Next is the – aside from the education about condoms and other methods of birth control and safe sexual practices – is the connection or linkage with the health-care system.
Where the couples can have provision from it, they can appropriately and confidently afford the various preventative services regarding STDs and STIs.
This also includes the frequently mentioned HIV/AIDS epidemic. It was still a problem in 1995 and is now. There are a wide variety of problems but the international community continues to work on them.
Now, note the “universal access” as the phraseology here, the movements and political parties fighting for universal access to health care, in essence, fight for these internationalist stipulations, ideals, or goals
For those who want it, they should have some form of health care coverage of their sexual health. It is should be fundamental and primary, as this is the health of the next generations, of a major facet of the general wellbeing of the citizenry.
Tied into this, the mention of counselling, which could, of course, expand the health and wellness around sexuality too. Unfortunately, many cultures preach, encourage, and enforce a sexual culture of Puritanism on the one side and depravity on the other.
Either extreme seems inappropriate; in fact, most people seem to fit in a healthy range but this preaching, encouraging, and enforcing lead these otherwise informed, healthy, and rational individuals to pursue unhealthy forms of sexuality, seen through the statistical outcomes at times.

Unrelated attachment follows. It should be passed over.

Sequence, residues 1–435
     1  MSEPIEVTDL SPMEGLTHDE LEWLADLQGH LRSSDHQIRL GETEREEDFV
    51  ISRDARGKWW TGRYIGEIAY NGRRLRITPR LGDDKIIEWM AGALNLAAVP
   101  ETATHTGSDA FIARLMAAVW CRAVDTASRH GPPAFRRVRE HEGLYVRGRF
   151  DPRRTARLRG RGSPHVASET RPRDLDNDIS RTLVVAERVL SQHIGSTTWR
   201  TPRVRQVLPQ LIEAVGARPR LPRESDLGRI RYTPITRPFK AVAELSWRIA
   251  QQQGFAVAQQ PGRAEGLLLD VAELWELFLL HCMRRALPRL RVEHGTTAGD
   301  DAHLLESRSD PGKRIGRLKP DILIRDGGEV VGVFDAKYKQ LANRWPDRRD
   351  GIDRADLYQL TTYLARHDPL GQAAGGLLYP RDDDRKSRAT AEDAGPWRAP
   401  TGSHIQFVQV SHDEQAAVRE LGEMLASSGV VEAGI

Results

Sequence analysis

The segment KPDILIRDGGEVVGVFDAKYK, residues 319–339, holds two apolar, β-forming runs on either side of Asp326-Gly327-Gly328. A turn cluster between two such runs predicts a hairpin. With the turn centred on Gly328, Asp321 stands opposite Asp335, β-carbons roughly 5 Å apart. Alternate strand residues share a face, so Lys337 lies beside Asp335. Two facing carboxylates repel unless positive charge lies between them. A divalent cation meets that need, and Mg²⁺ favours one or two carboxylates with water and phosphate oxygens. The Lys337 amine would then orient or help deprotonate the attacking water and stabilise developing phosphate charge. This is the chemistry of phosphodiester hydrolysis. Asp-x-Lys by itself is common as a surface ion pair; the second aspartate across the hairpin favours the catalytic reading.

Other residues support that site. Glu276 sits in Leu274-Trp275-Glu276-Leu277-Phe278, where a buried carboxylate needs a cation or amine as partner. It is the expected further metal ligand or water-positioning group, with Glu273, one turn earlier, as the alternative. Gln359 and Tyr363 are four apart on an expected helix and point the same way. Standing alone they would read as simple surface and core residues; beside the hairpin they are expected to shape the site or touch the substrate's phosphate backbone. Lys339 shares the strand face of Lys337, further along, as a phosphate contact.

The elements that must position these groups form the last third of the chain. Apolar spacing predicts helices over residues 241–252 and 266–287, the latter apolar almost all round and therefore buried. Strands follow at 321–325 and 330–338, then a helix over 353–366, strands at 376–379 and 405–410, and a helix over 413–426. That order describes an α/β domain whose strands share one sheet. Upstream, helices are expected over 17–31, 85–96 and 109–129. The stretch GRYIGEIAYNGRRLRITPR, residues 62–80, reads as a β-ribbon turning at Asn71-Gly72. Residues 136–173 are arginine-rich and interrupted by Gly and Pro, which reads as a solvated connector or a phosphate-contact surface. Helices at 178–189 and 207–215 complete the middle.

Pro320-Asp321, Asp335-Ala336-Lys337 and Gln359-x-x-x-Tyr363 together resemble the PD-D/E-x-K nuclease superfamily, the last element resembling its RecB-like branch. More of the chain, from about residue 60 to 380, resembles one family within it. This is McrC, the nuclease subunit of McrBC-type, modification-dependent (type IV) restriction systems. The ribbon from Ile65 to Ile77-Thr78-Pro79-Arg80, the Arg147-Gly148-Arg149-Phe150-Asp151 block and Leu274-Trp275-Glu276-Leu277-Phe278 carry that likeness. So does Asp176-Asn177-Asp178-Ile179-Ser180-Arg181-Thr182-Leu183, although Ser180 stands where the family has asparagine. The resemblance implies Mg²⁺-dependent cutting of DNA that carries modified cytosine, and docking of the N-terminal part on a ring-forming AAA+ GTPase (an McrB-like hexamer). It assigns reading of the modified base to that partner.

But without the support in counselling, social support services with provisions of condoms and other tools, and proper knowledge about anatomy, consent, the psychology and physical aspects of sex, and so on, many adults, even older adults, can be left without proper mentalities about a safe and responsible sexual life.
- The Universal Declaration of Human Rights in the Preamble, Article 16, and Article 25(2).
- Convention Against Discrimination in Education (1960) in Article 1.
- The International Covenant on Economic, Social and Cultural Rights (1966) in Article 3, Article 7, and Article 13.
- International Covenant on Civil and Political Rights (1966).
- Convention on the Elimination of all Forms of Discrimination Against Women (1979).
- Convention against Torture and Other Cruel, Inhuman or Degrading Treatment or Punishment (1984).
- The Declaration on the Elimination of Discrimination Against Women (1993).
- Beijing Declaration(1995).
- United Nations Security Council Resolution 1325 (2000).
- Protocol to Prevent, Suppress and Punish Trafficking in Persons, especially Women and Children (2000).
- The Protocol to the African Charter on Human and Peoples’ Rights on the Rights of Women in Africa or the “Maputo Protocol” (2003).
- Council of Europe Convention on preventing and combating violence against women and domestic violence or the Istanbul Convention (2011) Article 38 and Article 39.